Liberia: Information on the new government's human rights record and information on the conditions of members of the Krahn ethnic group under the new government
|Publisher||Immigration and Refugee Board of Canada|
|Author||Research Directorate, Immigration and Refugee Board, Canada|
|Publication Date||1 February 1998|
|Citation / Document Symbol||LBR28675.E|
|Cite as||Immigration and Refugee Board of Canada, Liberia: Information on the new government's human rights record and information on the conditions of members of the Krahn ethnic group under the new government, 1 February 1998, LBR28675.E, available at: http://www.refworld.org/docid/3ae6aae744.html [accessed 22 May 2013]|
|Disclaimer||This is not a UNHCR publication. UNHCR is not responsible for, nor does it necessarily endorse, its content. Any views expressed are solely those of the author or publisher and do not necessarily reflect those of UNHCR, the United Nations or its Member States.|
According to Country Reports 1997 the Liberian government's human rights record over the course of 1997 was poor, but better than it was in 1996. Country Reports states that ECOMOG security operations led to a decline in abuses before September 1997, but that abuses increased towards the end of 1997. Among the most serious abuses mentioned in Country Reports for the period following the election of Charles Taylor in July were deaths in police custody under suspicious circumstances, the alleged death by starvation of two inmates of the Bong County detention facility, the unpunished beating death of a taxi driver by police officers in Monrovia, and the death of opposition politician Samuel Saye Dokie and three members of his family after they were arrested on 29 November. According to Africa Confidential of 19 December 1997, Dokie and his three relatives were arrested by the police near the town of Gbarnga, allegedly on orders from Special Security Services (SSS) head Benjamin Yeaten. Although the four were last seen alive under SSS guard, SSS head Benjamin Yeaten denied that he had ordered their arrest. Five people, including the Gbarnga police chief, were arrested in connection with the deaths (ibid.). On 6 February 1998 Star Radio in Liberia reported that five unnamed people were scheduled to go on trial on 9 February for the murder of Dokie and his relatives.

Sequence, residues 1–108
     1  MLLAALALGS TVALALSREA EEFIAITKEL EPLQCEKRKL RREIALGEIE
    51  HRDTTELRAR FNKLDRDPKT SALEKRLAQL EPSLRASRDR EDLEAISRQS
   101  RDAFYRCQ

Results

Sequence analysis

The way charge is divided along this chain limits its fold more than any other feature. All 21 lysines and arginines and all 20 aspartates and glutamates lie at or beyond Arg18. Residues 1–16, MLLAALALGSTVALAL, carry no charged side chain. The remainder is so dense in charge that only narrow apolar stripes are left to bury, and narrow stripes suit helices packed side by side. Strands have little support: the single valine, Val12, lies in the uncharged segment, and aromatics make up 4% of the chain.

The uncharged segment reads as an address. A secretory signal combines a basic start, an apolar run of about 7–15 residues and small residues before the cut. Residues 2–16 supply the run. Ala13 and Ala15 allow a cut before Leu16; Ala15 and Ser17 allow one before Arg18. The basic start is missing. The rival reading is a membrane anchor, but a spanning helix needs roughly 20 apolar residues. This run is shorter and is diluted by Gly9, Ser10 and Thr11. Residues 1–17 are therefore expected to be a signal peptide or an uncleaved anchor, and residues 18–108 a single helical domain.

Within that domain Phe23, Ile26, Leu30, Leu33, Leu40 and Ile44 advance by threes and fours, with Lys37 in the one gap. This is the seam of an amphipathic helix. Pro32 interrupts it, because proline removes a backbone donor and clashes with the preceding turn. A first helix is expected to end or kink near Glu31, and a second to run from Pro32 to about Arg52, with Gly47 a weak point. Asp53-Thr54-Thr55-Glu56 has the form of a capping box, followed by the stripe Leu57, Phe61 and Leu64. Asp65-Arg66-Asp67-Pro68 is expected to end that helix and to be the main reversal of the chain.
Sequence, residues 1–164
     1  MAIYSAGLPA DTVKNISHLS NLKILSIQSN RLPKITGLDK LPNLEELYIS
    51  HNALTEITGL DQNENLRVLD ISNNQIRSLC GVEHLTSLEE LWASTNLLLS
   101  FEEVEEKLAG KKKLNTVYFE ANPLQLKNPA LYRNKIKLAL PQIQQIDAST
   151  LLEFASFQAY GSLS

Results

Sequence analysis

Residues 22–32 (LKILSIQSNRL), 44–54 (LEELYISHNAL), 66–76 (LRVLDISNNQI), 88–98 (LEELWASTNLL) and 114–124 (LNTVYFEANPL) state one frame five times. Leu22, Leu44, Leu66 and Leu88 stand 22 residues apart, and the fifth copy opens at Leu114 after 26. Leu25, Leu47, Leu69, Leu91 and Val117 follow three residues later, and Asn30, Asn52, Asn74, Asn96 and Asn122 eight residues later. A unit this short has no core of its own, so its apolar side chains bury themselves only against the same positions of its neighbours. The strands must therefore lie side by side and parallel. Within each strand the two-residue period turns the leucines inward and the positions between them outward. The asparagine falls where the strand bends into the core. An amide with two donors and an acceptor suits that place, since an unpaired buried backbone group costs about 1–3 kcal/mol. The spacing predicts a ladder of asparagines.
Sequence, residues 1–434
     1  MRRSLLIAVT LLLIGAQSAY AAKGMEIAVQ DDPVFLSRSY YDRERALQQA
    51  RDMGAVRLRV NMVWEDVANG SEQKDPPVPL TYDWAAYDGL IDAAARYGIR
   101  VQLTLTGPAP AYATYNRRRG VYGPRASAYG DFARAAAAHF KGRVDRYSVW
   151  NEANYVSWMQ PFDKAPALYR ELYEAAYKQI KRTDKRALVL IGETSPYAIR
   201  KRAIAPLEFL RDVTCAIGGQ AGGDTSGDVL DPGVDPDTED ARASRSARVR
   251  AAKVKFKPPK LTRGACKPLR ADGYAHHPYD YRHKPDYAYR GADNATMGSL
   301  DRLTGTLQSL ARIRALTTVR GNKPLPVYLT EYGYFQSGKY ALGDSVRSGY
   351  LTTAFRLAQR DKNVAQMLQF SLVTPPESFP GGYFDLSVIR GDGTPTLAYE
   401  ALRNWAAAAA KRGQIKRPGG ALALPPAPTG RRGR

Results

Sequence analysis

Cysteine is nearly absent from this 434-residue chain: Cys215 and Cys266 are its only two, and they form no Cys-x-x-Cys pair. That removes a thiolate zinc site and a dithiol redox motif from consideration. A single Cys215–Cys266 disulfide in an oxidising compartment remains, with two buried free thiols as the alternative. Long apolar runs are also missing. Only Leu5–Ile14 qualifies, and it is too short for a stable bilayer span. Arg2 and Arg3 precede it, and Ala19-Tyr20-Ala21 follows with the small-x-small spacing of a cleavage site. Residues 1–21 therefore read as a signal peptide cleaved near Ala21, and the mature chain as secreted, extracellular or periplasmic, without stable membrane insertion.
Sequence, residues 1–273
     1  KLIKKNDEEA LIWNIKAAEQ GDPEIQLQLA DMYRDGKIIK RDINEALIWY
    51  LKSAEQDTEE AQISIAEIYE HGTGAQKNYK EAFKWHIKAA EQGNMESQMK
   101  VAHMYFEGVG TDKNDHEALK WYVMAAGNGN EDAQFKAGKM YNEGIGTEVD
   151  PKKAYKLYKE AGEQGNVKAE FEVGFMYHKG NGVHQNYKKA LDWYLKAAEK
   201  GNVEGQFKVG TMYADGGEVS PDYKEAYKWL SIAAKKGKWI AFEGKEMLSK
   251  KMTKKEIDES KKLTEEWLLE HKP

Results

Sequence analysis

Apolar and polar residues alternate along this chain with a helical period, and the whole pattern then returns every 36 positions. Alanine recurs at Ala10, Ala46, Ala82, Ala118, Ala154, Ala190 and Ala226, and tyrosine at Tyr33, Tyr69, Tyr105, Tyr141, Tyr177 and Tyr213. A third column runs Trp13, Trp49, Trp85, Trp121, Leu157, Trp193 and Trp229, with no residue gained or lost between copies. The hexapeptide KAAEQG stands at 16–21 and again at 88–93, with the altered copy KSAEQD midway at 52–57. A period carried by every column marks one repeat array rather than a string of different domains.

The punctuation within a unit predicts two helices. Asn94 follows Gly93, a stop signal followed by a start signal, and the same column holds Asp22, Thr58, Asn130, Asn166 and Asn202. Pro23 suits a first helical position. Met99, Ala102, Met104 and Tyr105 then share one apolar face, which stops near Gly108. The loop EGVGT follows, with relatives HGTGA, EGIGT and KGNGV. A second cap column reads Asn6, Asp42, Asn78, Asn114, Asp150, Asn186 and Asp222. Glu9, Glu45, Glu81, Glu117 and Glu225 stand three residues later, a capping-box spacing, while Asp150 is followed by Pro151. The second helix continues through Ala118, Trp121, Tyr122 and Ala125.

Country Reports 1997 also alleges that police carried out dozens of cases of unconstitutional detentions without charge as part of an anti-crime campaign in September and October. In the latter part of the year many journalists were intimidated by the police, including six editors who were detained after their newspapers published articles considered to be critical of the government. A journalist who was investigating the death of Samuel Saye Dokie and his relatives was charged with treason, which was later reduced to an unspecified lesser charge (ibid.). In October the police detained relatives and neighbours of a suspect who was at large, releasing them when the suspect surrendered (ibid.).
On 23 January 1998 the Panafrican News Agency (PANA) reported that the managing editor of the Liberian daily newspaper The National, Hassan Bility, had been arrested on 22 January in connection with two stories that had been published in his newspaper. He was allegedly beaten by eight police officers and later hospitalized with bleeding from his right ear and eye. Police Director Joe Tate denied he had ordered Bility beaten and promised that the officers involved would be disciplined (ibid.).
On 21 December 1997 journalist Alex Redd of Ducor Radio was allegedly abducted by unidentified individuals after he attended the funeral of Samuel Saye Dokie on that date (AFP 22 Dec. 1997; PANA 24 Dec. 1997). Four other journalists also reportedly went missing after attending the Dokie funeral (ibid.; AFP 23 Dec. 1997).